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Jim McDermottMarch 29, 2022
Photo by Jack Anstey on Unsplash

A Reflection for the Tuesday of the Fourth Week of Lent


“Once more he measured off a thousand,
but there was now a river through which I could not wade;
for the water had risen so high it had become a river
that could not be crossed except by swimming” (Ez 47:5).

When it comes to preaching, the Old Testament often gets the short straw. Admittedly, Yahweh can get pretty smite-y. But at other times, the text is just really boring. Like today in Ezekiel, what are we even talking about? Why is an angel asking Ezekiel to wade into a river while he measures 1000s of cubits of water, and why are we being asked to hear about it?

But at times like this, I often think of my Old Testament professor, Richard Clifford, S.J. When you come upon a passage that’s boring, he would often tell us with a knowing grin on his face, look closer. It is probably really important.

Like the genealogy of Jesus—that endless list of names of Jesus’ male ancestors that we hear during Advent: Man is that boring. But dig in and there are all kinds of little details that are really interesting, like the fact that it also includes a number of women and that the backstories of some of those mentioned don’t exactly fit the King of Kings. Rahab was a Canaanite prostitute; Ruth was a Moabite—a community not allowed in the Jewish temple; Solomon’s mother Bathsheba—who is mentioned only as “the wife of Uriah”—became David’s spouse only because he had her husband killed. So at the foundations of who Jesus is lie not some flashy line of saints and prophets but outsiders, victims and sinners. It is another way of making it clear that Jesus is one of us.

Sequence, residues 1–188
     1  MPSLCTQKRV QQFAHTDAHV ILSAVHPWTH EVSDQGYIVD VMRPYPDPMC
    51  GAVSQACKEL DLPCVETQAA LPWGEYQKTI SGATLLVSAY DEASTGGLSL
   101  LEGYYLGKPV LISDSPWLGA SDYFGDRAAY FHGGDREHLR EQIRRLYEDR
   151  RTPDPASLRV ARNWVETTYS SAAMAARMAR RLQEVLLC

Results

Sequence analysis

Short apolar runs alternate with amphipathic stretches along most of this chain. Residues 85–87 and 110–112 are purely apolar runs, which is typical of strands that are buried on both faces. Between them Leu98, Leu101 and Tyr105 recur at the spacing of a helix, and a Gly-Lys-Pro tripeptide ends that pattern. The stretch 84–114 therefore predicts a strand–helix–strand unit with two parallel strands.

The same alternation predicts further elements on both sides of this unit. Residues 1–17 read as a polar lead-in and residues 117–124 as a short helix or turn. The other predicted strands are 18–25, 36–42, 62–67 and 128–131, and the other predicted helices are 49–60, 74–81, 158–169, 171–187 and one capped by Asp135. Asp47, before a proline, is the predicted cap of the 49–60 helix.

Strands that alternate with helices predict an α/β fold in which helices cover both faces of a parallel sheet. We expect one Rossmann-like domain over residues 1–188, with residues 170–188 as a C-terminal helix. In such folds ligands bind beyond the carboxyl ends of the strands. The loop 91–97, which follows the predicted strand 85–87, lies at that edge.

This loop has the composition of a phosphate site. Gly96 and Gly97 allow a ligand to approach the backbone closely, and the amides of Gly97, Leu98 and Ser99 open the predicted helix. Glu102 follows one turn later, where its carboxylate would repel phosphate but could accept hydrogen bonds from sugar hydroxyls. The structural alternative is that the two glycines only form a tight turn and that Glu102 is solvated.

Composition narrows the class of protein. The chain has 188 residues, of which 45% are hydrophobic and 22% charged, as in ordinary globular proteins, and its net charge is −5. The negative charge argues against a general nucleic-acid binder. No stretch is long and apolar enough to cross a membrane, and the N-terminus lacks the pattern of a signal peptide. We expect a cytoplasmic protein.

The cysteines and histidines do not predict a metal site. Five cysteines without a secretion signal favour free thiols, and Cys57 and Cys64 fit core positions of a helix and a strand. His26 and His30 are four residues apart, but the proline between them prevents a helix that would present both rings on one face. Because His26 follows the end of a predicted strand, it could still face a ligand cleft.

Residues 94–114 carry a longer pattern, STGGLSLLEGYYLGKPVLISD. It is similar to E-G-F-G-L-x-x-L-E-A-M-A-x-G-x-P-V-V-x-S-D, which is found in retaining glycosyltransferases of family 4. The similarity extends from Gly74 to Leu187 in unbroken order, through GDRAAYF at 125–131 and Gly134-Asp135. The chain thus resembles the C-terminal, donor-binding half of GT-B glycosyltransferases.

In the passage from Ezekiel, there may be some such significance to the measurement of a thousand cubits. Fun fact: A cubit is the length from your elbow to the tip of your middle finger, so about 18 inches. The term appears to actuallyderive from the Latin word for “elbow.” I like to imagine that someone somewhere was seeing how everyone had their own way of measuring things and thought, Here’s an idea: Let’s use our arms.

But I think the real power is in the repetition itself. On the page, it might not seem like it, but there’s real drama to Ezekiel wading out 1,000 cubits (i.e., just over the length of four football fields) after 1,000 cubits and seeing the water flowing out from the temple getting a little deeper, a little deeper. Where is this going? Then suddenly he finds himself in water so deep it has become a full-blown river, with trees already blooming on the banks on either side.

For me, this is a powerful image of who God is and what he promises: life in abundance so great that eventually it’s beyond anything we could ever contain. And it can come upon us so fast and unexpectedly that we’re drenched in it before we even know what happened.